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Where is the account number on a check?

Cheryl Knight
Woman writing a check in office | Uber Images/Shutterstock.com
Woman writing a check in office | Uber Images/Shutterstock.com

Uber Images/Shutterstock.com

The use of checks originally started in the early 1500s as a secure way to pay for goods and services. This long-standing practice remains a viable form of payment, even in today's mobile-banking culture.

Some individuals prefer to use checks in stores, to pay bills or even to give as gifts.

The check represents the amount of money due for the specific transaction, and the funds are withdrawn from the payer's bank checking account after the payee cashes the check.

Many consider checks safer than debit cards because identity thieves can steal your card number easier than they can get their hands on your checks.

In addition, writing a check does not automatically pay cash to the person or entity owed, allowing you time to stop payment on the check if needed.

A whole process exists using various numbers on the check to make sure the money comes from the correct account at the bank. In fact, you might be confused when trying to figure out one number from another on the check, especially if you need the account number to pay by check online.

Check out the following tips to determine how to find the account number on a check.

The account number

The bank account number on a check lets the financial institution know which account to withdraw the funds from when meeting the monetary obligation of the check. While debit and credit cards tend to dominate the modern financial world, checks still hold a place as a viable alternative to the exchange of actual currency.

Along with the other numbers on a check, including the routing and check number, the account number facilitates this exchange.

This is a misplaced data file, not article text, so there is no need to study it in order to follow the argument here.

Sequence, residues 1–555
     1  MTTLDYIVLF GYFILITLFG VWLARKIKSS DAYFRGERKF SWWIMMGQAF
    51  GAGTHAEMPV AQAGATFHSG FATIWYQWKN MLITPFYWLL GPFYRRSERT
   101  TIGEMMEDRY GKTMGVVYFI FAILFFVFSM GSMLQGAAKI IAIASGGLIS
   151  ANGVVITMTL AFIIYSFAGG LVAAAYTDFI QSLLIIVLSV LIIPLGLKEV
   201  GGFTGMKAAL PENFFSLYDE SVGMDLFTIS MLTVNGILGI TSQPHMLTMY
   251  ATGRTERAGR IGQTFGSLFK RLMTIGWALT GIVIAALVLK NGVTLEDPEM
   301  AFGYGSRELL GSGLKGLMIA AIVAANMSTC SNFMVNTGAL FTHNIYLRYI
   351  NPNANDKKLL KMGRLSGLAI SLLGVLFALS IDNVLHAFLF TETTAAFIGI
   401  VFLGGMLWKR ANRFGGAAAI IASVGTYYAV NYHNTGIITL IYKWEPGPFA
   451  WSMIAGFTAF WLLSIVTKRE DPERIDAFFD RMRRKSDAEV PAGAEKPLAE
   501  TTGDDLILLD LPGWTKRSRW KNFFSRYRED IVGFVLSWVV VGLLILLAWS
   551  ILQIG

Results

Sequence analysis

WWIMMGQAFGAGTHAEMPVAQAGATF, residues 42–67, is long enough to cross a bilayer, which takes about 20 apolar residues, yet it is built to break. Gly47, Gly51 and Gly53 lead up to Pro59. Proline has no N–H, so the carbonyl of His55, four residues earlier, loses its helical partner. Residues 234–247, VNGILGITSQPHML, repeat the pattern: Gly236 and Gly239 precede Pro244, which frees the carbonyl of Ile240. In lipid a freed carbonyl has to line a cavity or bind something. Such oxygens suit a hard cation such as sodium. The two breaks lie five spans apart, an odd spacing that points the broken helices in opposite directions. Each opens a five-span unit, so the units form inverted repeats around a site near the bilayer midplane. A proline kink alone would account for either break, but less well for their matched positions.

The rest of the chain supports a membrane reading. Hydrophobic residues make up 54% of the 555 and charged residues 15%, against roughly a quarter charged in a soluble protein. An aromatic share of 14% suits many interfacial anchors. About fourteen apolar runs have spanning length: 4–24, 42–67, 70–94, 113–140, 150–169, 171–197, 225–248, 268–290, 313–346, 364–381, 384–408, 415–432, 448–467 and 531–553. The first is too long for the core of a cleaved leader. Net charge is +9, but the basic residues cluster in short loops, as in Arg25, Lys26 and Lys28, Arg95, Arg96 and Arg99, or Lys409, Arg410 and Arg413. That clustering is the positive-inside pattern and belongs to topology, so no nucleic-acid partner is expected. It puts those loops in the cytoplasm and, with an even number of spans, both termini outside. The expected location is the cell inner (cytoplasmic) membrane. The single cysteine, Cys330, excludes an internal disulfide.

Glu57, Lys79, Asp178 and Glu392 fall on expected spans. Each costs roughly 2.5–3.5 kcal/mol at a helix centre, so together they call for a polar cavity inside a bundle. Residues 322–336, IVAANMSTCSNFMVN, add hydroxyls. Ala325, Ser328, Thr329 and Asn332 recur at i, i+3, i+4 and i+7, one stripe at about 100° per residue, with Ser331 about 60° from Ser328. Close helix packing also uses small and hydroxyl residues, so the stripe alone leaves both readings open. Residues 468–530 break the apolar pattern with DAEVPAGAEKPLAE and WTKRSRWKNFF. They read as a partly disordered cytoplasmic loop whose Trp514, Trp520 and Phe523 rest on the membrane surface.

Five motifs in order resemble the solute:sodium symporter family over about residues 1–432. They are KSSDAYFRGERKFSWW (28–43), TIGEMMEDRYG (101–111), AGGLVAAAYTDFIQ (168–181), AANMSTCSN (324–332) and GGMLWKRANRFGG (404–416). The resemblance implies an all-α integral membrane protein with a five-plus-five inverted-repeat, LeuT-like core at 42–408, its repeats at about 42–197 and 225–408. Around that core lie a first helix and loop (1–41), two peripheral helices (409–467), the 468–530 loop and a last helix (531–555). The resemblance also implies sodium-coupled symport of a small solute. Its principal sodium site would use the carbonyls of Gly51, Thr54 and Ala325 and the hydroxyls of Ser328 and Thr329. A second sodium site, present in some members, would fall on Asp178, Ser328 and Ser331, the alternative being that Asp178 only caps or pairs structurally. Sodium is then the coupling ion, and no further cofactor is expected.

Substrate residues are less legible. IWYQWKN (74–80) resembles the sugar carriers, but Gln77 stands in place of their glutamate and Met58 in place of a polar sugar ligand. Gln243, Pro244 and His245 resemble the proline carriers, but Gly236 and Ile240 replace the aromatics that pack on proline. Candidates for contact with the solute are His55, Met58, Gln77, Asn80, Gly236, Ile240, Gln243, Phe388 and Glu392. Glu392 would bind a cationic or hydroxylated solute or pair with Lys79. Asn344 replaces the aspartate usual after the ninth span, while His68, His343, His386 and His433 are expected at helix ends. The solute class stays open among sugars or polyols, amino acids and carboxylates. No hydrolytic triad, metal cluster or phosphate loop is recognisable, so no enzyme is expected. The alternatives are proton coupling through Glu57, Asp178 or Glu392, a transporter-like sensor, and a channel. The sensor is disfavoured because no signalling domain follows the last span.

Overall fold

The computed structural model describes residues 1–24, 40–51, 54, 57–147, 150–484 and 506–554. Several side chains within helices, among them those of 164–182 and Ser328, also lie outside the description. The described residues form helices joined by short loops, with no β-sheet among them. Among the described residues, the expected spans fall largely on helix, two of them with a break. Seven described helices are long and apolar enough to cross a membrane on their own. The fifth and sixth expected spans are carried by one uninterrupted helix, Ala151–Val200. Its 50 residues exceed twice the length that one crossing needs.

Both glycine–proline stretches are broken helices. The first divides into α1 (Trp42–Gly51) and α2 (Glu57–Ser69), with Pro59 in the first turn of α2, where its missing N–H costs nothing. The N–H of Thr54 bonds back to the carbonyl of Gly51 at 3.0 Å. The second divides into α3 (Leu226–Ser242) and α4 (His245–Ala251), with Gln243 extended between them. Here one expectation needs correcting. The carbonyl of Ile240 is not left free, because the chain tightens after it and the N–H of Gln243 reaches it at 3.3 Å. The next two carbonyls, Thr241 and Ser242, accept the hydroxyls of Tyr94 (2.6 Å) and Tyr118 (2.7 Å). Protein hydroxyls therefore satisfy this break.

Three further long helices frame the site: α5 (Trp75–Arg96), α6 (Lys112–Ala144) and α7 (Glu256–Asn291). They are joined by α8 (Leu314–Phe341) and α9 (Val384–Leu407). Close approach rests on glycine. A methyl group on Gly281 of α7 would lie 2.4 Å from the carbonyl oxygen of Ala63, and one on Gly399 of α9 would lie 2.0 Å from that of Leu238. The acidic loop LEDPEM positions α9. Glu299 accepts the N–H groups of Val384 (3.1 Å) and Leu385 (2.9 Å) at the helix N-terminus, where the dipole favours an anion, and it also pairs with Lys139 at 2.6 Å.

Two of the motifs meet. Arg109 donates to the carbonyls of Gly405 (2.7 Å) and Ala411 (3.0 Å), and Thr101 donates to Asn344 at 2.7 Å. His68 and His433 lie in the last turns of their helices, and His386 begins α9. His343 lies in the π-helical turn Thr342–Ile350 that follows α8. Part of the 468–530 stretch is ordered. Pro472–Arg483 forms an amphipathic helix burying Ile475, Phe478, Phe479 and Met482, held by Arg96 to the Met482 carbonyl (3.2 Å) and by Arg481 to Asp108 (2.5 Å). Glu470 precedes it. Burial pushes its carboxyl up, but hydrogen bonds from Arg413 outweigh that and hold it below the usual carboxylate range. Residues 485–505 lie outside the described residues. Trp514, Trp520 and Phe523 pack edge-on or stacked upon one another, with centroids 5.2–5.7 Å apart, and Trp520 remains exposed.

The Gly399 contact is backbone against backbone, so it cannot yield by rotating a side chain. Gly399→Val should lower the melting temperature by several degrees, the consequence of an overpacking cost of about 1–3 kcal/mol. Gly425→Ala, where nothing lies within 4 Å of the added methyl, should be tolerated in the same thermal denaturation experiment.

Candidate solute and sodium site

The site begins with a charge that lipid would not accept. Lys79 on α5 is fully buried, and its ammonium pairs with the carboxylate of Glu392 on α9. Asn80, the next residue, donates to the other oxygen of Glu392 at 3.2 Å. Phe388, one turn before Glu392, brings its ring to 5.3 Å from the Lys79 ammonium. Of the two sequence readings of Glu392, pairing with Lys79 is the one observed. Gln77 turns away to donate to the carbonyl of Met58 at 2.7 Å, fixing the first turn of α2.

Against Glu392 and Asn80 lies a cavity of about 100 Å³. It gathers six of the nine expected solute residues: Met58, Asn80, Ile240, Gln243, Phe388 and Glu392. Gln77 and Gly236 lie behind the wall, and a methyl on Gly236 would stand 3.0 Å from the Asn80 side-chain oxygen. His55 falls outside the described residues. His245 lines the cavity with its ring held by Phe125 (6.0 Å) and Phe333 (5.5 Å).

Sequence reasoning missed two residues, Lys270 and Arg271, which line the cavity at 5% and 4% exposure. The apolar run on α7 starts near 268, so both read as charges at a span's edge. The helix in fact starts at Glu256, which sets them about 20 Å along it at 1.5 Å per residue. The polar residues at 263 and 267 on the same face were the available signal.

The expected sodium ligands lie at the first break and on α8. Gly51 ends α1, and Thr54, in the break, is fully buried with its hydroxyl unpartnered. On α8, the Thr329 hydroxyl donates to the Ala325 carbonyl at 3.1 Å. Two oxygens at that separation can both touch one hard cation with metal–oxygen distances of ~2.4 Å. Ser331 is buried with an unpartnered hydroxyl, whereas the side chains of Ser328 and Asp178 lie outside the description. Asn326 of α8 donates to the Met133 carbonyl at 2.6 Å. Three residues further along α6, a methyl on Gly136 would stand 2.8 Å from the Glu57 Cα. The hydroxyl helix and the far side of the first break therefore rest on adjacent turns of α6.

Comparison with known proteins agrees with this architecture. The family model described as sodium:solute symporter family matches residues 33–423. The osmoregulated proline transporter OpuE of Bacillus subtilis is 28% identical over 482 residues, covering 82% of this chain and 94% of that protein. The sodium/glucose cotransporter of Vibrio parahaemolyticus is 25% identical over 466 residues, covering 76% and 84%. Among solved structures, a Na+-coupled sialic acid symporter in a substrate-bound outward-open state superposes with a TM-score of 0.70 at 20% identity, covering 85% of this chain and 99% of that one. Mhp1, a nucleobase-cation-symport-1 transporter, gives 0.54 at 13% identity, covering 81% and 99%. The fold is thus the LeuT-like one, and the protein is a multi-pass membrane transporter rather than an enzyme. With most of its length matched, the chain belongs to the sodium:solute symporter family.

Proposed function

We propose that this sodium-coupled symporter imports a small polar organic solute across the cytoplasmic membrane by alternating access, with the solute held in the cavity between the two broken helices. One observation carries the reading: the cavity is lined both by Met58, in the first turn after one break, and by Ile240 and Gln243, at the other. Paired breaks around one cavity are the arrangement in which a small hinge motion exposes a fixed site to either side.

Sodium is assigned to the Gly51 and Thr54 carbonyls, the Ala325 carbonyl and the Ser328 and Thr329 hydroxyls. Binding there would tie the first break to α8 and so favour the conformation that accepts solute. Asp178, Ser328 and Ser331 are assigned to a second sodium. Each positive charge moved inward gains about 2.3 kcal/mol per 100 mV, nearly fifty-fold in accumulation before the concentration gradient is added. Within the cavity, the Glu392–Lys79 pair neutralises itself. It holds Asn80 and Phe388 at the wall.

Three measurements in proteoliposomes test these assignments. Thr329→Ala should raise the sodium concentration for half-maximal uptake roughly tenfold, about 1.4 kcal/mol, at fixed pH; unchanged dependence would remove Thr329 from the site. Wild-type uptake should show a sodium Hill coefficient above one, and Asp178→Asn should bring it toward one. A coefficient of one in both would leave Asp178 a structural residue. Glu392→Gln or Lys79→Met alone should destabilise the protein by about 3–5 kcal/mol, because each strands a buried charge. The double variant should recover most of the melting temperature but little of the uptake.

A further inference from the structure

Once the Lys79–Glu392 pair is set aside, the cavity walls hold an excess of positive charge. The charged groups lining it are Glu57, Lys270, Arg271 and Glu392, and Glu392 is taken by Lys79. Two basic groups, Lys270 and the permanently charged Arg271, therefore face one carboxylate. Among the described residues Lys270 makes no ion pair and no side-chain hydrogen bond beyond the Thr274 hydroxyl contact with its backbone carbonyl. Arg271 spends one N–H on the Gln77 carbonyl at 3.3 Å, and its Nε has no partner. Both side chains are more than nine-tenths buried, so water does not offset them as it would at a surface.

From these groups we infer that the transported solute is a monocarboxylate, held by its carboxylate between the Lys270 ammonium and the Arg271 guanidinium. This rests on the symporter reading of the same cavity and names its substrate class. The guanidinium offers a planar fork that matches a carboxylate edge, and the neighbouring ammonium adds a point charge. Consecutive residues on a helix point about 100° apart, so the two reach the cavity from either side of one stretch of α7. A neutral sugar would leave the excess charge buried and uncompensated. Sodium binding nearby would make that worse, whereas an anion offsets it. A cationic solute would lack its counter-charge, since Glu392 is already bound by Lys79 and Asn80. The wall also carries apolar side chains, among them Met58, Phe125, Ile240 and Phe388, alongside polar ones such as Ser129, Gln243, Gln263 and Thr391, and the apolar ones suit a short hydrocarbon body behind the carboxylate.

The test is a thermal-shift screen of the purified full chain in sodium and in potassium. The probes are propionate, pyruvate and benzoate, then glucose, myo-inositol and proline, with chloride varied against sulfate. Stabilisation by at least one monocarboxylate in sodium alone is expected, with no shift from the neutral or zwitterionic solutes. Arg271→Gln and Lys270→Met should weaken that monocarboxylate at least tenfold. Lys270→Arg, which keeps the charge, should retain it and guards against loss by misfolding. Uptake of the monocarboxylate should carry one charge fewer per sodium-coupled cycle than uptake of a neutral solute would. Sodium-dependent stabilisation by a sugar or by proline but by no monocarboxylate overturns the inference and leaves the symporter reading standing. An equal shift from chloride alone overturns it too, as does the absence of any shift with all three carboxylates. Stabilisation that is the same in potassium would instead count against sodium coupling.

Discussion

Where is the account number on a check?

Finding the account number on your check might prove difficult if you do not use checks that often. The account number lies within the string of numbers found at the bottom of the check.

The first set of numbers, between the colons, represents the routing number. The next set of numbers represents the account number. The final set of numbers along the bottom of the check represents the check number.

What the other numbers on a check mean

Along with the account number, a check contains a series of additional numbers to help properly route the check to the correct account once it reaches the bank. The most important of these numbers, the routing number, includes nine digits. The other number represents the number of the check in your checkbook.

Check number

The check number determines where a particular check falls within your checkbook. Checkbooks contain 20 blank checks, each with a number at the top. As you receive replacement checkbooks, the numbers of your checks increase in increments of 20. In addition, the check number comes in handy when looking at your account, allowing you to differentiate between checks as they come in and clear at your bank.

Routing number

This 9-digit number located at the bottom left of your check identifies the bank responsible for the check. Sometimes, the routing number differs according to the bank's region and specific branch. This means that all of the checks issued by your particular bank contain the same routing number.

Other information

In addition to the numbers along the bottom of the check, some supplementary information includes the check writer's name, or names in the case of married couples, their personal information such as their address, and the bank's information, including name and address. Checks also contain an abbreviated form of the routing number next to the dateline near the top of the check.


The routing number, account number and check number make up the magnetic ink character recognition. The MICR allows easier reading of the check by a check reader. An MICR check reader charges the special ink contained in the numbers and symbols, allowing it to read the unique waveform each character produces.

Checks with lower ink qualities sometimes present problems for check readers, especially checks not purchased directly from your financial institution. Factors that affect a clean read of a check by a scanner include the speed at which the check moves past the MICR read head, the quality of the ink and the ink consistency.


Knowing how to find the account number on a check comes in handy when paying for something online or over the phone. This information also gives you a better understanding of how the check-cashing process works, and it further clarifies the need to purchase high-quality checks.

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